Thursday, September 17, 2015

The sharing economy for seniors

When attending out-of-town conferences, my friend Sara saves big money by staying in a room at another person’s house through Airbnb. She swears by the lower cost compared to a traditional hotel room and the positive experience of getting to know her hosts.

Airbnb connects people who have space to spare with those who are looking for a place to stay.

The site utilizes a secure payment system and offers a platform for both the guest and host to review each other so that others can benefit from their experience, similar to the way we securely buy items and rate them on Amazon. Airbnb is an example of the rise of the sharing economy, in which people rent beds, car rides or equipment directly from others via the Internet.

The great benefit of this type of economy is that owners make money from underused assets and renters pay far less for these services than they would in the traditional marketplace. Besides Airbnb, other sharing economy examples include DogVacay, where dog owners can leave their pet to be cared for; RelayRides, which enables people to borrow cars from neighbors; and SnapGoods, which is a site for lending and borrowing high-end household items.

The proliferation of these types of sites and services has me thinking: How could the sharing economy be used to benefit seniors?

Transportation to and from longdistance medical appointments for those who are wheelchair-bound can be very expensive using a traditional medical transport service. Personally owned handicapped vans are very expensive and are frequently underutilized.

One idea might be an Uber-like service where owners of handicapped vans are matched to those who need that service in areas not serviced by Dial-A-Ride.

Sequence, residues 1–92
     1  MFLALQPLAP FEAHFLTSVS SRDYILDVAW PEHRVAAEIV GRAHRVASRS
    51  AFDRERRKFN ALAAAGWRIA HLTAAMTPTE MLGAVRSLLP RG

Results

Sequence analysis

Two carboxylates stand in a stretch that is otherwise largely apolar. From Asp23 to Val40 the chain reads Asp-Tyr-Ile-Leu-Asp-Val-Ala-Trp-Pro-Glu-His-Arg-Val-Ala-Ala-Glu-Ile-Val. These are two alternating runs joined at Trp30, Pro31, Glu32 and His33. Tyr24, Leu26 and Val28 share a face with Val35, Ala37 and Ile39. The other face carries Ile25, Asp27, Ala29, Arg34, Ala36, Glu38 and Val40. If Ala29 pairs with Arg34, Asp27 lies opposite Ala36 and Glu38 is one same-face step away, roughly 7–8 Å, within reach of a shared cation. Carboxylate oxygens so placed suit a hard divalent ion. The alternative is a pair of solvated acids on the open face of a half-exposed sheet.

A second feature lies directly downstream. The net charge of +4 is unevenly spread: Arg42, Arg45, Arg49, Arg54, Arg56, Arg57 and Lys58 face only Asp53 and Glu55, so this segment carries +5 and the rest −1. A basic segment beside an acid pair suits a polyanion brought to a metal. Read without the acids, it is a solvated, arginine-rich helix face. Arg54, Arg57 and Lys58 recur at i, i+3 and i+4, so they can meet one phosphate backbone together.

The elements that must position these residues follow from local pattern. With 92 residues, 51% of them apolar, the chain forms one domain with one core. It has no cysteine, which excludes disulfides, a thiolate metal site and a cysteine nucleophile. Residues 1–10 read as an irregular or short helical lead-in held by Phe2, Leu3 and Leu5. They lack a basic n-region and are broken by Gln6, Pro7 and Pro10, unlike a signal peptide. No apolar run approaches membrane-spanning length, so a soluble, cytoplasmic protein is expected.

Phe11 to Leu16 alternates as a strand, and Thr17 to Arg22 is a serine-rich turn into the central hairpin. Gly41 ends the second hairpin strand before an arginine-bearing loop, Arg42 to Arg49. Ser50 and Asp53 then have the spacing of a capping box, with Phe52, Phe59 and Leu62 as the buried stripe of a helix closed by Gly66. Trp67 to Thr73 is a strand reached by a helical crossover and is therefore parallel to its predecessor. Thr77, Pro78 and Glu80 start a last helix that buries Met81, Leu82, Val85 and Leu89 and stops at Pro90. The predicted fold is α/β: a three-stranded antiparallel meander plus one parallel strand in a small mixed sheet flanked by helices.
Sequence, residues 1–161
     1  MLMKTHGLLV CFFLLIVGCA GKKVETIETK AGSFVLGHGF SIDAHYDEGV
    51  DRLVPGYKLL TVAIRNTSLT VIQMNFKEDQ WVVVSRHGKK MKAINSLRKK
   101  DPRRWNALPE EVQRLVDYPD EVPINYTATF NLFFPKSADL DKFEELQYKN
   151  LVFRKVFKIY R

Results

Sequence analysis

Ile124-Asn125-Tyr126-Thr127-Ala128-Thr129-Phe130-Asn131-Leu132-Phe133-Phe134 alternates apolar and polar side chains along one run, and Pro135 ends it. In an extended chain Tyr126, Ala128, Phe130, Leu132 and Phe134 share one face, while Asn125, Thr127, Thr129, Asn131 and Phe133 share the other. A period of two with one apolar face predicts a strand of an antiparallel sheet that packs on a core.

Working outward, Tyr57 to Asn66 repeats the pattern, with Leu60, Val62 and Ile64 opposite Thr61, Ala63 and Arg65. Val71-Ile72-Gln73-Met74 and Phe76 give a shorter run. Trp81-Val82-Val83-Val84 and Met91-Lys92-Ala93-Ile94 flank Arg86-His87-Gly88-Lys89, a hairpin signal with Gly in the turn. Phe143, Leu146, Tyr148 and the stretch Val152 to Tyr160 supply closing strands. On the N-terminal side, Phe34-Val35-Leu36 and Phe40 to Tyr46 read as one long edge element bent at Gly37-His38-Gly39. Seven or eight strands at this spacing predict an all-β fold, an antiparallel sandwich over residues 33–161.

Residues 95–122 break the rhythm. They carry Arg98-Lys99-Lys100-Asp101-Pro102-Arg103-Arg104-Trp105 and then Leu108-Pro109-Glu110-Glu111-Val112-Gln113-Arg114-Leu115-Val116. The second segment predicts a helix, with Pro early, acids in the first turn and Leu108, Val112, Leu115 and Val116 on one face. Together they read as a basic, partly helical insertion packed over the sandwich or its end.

In-home care can also be costprohibitive. In a sharing economy, the possibility exists for a family caregiver to leave a loved one with a nearby host who will take care of the loved one for a short period of time. This may not work for all situations, but over time, the online vetting and rating process will uncover viable options for lower-cost senior care.

The actual act of shopping and cooking is a challenge for some seniors. With a great many moms and dads cooking meals every night for their families, perhaps seniors could purchase extra meals prepared by those families. A homecooked family meal might seem like a blessing to some seniors.

Alzheimer’s caregivers often require respite for longer than a few hours to prevent their emotional and physical breakdown. What if assisted-living facilities offered their spare rooms to rent for a day or two so that the exhausted caregiver could have a weekend to recharge?

We all know the numbers: Seniors are living longer and there will be twice as many of them in the next 10 years. Finding creative solutions that respect a senior’s independence and budget via the sharing economy can be of great benefit to both seniors and caregivers alike.

If you have some good ideas, let me know about them.